Low water levels at Jacob’s Well could signal trouble ahead for a growing community
David Baker stood on a pier at Jacob's Well, a natural springs watering hole in Wimberley, and pointed to the dark hole where the pool's water comes from.
"There are stories that there was once a 2-foot head on this where the water was bubbling out, almost like a fountain," he said. "You would try to swim down and it would push you back up."
He points to a white line at the other end of the watering hole, far above where the water sits.
"You can see the water levels right there," he said. "It's supposed to be about 3 feet higher."
Baker first moved to the area in the '80s and raised his kids in a house at Jacob’s Well. He said the watering hole was practically in his backyard.
“When I saw the well for the first time, I walked down the steps and went around the corner and the hair on the back of my arms stood up,” he said. “And I said, 'This is my place; this is where I’m supposed to be.'”
Baker said he’s seen the water at Jacob’s Well rise during floods and fall during droughts, but things haven’t been looking too good lately.
Currently, the water stands at only a few inches. Normally at this time of year, the river would have waist-high wading waters.
Those managing the park say it's unsafe for swimmers, so the swimming hole may not open at all this summer.
A history of drought
Katherine Sturdivant, education coordinator for the Hays County Parks Department, said she’s been keeping a close eye on the rain gauge at Jacob's Well Natural Area. She said standing water with almost no flow can build up bacteria and make it dangerous for people to be in.
“It can be really gross,” she said. “People are not the cleanest things in the world, and when we pile them all in, it can cause a lot of problems.”
Last July, Jacob’s Well stopped flowing for the fifth time in its recorded history and closed for swimming for half the summer. Sturdivant said oral and written records haven’t shown any sign that Jacob’s Well stopped flowing before the year 2000.
“So now this has happened five times in the last 23 years,” she said. “And it’s happening more and more frequently.”
Sturdivant said she believes the spring's low flow is caused by the region coming out of a drought. She said the area got only about half the rain it should’ve gotten last summer.
“But we get droughts a lot,” she said. “That’s something we’re pretty used to.”
In the 1950s, there was a drought that lasted for years; many say it was the worst drought Texas has ever seen. Sturdivant said Jacob’s Well didn’t stop flowing then, so why is it stopping now?
“A big factor is the amount of people that live here,” she said. “There are so many more people moving to Hays County and to Central Texas in general.”
Those people need water for drinking, showering and watering their lawns, and all that water has to come from somewhere.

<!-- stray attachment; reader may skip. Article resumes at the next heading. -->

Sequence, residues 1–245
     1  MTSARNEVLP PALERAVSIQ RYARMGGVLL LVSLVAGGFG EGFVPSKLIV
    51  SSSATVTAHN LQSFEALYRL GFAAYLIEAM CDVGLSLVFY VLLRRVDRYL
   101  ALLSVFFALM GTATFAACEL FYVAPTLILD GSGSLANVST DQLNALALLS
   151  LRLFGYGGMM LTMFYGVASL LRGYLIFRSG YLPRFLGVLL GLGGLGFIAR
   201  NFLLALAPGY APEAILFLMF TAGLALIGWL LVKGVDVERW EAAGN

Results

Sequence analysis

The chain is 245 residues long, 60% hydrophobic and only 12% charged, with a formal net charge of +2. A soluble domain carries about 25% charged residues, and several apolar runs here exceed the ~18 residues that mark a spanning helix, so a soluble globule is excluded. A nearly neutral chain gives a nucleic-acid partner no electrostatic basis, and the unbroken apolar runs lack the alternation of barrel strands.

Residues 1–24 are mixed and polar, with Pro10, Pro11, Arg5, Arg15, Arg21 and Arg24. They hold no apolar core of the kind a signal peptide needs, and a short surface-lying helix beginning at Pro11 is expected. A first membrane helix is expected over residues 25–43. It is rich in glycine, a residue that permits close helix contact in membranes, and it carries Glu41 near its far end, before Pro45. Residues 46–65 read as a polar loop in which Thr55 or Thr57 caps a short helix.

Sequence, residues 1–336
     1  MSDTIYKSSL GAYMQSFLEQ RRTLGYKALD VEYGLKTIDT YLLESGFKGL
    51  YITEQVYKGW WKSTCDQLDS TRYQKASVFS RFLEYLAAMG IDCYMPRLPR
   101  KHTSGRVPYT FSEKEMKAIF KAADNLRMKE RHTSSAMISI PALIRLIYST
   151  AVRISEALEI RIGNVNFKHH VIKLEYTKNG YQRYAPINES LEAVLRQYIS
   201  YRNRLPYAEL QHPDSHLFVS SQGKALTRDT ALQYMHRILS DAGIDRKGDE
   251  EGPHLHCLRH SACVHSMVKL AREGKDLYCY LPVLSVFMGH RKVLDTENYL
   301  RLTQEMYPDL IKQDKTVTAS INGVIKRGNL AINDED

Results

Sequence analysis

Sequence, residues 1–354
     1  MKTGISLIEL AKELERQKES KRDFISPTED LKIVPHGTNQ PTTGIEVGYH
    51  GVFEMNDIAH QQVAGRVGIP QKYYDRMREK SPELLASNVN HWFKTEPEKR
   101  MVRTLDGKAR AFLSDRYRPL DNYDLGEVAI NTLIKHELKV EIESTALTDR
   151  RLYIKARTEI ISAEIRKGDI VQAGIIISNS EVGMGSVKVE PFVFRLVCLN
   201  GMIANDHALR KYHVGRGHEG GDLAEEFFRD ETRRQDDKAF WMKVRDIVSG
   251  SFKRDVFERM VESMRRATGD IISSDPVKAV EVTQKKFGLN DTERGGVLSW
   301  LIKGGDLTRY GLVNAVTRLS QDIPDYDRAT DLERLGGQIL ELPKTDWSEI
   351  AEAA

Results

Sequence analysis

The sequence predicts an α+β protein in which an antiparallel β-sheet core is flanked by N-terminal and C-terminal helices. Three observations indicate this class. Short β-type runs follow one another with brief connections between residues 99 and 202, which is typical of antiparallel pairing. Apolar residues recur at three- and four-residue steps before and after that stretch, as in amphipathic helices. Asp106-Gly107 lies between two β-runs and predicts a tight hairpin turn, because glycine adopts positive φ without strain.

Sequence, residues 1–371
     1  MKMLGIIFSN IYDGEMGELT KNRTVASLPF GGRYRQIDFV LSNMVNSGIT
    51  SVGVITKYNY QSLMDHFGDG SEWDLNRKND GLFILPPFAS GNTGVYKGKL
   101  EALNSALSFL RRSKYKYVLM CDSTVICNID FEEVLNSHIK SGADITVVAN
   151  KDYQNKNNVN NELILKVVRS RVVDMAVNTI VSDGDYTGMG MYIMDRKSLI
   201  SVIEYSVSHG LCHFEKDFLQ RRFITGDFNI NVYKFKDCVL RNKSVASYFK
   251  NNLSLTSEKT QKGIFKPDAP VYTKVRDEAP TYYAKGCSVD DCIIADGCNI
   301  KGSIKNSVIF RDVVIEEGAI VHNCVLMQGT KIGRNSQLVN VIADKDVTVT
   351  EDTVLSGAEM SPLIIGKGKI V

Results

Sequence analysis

“Unfortunately,” Sturdivant said, “a lot of it is coming out of the same aquifer that supplies Jacob’s Well.”
Baker said there are about 6,000 private wells in western Hays County alone, and they aren't regulated by the district. That means there's more water taken out of the aquifers each year and not enough going back in to recharge them.
"If you withdraw more than is deposited back in the aquifer, you're gonna see deficits," he said. "And this last year is the lowest levels we've seen in all our monitoring."
Changes for the future
Baker got curious about where the water in his backyard was coming from and where it all went, so he founded the Wimberley Valley Watershed Association in 1996 to study and protect the surrounding lands.
He said he believes the springs are a window into the soul of the aquifer. They show the aquifer’s health and can let us know when trouble is ahead. So when the well is low on water, it means we are low on water.
“We really need to try to balance that equation between how much we take out of the aquifer and our needs for the future.”David Baker, Wimberley Valley Watershed Association
A few simple changes can make a huge impact, Baker said, like only putting native plants in yards and installing a rainwater collection system in your home.
“Our house has one. We live 100% off rainwater,” he said. “We really need to try to balance that equation between how much we take out of the aquifer and our needs for the future.”
The Wimberley Independent School District built Blue Hole Primary in 2019, the first One Water school in Texas. The pre-K through second-grade school has managed to reduce its water consumption by about 90% by collecting rainwater, recycling water and designing outdoor spaces for water conservation.
The EPA estimates the average household spends a third of water on outdoor use, and most of that goes to watering lawns and gardens.
Native plants are naturally drought-resistant, Baker said, and they can survive on pretty much what comes from the sky.
Baker said people move out to Wimberley because of the greenery and landscape, so they might be more willing to make changes if they know what’s at stake.
“Every time you take a drink of water, really think of the spring,” he said, “We turn on the faucet and we expect it to be there. But there are lots of people, especially this last year, whose wells have gone dry … sometimes we don’t value things until we lose them.”